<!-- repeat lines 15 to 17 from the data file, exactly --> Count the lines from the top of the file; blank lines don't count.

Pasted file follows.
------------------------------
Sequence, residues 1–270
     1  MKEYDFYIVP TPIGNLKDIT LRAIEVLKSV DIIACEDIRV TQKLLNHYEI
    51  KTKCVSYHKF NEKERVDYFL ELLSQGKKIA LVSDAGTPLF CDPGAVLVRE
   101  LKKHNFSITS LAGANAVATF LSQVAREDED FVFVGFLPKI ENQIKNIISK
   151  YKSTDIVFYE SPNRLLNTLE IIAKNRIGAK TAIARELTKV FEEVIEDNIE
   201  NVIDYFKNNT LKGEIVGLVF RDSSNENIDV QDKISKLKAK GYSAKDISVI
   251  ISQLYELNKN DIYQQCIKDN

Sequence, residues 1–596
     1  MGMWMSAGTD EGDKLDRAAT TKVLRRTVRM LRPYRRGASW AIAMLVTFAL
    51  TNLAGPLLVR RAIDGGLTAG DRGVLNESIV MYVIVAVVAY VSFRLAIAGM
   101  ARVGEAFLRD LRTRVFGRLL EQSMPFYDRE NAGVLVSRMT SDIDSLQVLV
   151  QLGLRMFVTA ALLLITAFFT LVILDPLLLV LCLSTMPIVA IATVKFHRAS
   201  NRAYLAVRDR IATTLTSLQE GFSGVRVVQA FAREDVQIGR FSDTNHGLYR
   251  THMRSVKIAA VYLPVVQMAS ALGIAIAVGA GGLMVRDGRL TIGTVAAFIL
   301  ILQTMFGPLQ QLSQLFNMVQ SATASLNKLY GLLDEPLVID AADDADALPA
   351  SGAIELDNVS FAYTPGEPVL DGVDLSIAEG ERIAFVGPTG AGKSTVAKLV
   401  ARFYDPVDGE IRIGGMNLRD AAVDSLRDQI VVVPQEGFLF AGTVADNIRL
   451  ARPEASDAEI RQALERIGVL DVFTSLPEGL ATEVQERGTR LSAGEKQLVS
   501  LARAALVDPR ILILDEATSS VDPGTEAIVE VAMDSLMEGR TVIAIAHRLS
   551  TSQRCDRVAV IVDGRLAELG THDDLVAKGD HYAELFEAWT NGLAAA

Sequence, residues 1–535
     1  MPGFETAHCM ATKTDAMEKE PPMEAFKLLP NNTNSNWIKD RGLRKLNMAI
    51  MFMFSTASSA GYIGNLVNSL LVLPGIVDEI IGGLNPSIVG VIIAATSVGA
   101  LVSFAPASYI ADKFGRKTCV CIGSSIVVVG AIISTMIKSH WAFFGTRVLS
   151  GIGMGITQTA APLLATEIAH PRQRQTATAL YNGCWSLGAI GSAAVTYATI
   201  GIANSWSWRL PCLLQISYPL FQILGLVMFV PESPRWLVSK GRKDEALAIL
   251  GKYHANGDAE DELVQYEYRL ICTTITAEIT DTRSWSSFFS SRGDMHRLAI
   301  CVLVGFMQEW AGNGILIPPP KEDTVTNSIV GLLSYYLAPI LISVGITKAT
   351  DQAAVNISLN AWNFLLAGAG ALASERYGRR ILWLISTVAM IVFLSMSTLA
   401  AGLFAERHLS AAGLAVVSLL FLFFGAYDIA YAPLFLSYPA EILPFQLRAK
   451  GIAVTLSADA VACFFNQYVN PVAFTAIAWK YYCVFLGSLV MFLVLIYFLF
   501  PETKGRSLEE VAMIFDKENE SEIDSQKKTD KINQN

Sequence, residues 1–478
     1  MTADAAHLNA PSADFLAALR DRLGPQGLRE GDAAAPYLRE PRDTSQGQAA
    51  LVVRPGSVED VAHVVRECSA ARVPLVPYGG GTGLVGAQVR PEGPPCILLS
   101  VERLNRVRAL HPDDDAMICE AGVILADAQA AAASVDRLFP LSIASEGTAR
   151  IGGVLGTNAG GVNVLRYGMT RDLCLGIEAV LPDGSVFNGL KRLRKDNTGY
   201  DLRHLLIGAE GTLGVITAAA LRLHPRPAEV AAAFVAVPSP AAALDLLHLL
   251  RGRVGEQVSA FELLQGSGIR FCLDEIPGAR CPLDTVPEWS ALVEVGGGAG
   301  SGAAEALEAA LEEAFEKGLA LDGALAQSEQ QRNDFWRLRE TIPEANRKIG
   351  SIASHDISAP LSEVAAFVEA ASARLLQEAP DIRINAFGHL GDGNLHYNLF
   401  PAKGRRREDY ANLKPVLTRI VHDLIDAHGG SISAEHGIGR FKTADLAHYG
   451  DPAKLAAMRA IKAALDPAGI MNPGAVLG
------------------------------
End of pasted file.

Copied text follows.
   301  ILQTMFGPLQ QLSQLFNMVQ SATASLNKLY GLLDEPLVID AADDADALPA
   351  SGAIELDNVS FAYTPGEPVL DGVDLSIAEG ERIAFVGPTG AGKSTVAKLV
   401  ARFYDPVDGE IRIGGMNLRD AAVDSLRDQI VVVPQEGFLF AGTVADNIRL